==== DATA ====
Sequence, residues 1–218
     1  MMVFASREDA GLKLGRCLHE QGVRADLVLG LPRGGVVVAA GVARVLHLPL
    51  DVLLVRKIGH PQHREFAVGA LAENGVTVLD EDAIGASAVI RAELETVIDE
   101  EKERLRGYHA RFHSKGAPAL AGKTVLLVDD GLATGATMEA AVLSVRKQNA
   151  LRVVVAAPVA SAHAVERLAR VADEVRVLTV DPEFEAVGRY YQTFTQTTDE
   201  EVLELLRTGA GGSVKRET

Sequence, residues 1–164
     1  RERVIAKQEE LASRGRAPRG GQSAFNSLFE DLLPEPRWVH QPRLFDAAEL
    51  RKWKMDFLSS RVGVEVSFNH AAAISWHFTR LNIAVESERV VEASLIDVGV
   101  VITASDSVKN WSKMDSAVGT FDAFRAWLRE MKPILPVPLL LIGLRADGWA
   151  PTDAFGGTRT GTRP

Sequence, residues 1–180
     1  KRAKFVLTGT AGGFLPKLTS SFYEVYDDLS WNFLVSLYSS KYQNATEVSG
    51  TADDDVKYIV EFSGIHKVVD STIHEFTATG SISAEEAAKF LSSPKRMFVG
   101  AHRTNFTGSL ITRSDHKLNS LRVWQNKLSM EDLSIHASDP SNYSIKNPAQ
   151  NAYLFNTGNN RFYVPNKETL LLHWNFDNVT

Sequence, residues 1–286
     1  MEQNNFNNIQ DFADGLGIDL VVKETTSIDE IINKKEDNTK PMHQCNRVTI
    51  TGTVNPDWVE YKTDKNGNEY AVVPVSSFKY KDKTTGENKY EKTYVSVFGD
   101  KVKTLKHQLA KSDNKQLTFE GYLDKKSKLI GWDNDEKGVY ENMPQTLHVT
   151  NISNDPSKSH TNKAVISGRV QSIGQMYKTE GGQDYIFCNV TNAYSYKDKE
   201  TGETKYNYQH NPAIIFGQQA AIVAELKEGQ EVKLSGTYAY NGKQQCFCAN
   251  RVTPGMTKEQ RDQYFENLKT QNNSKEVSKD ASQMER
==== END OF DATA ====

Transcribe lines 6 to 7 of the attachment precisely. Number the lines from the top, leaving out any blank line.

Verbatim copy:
   201  EVLELLRTGA GGSVKRET

Sequence, residues 1–164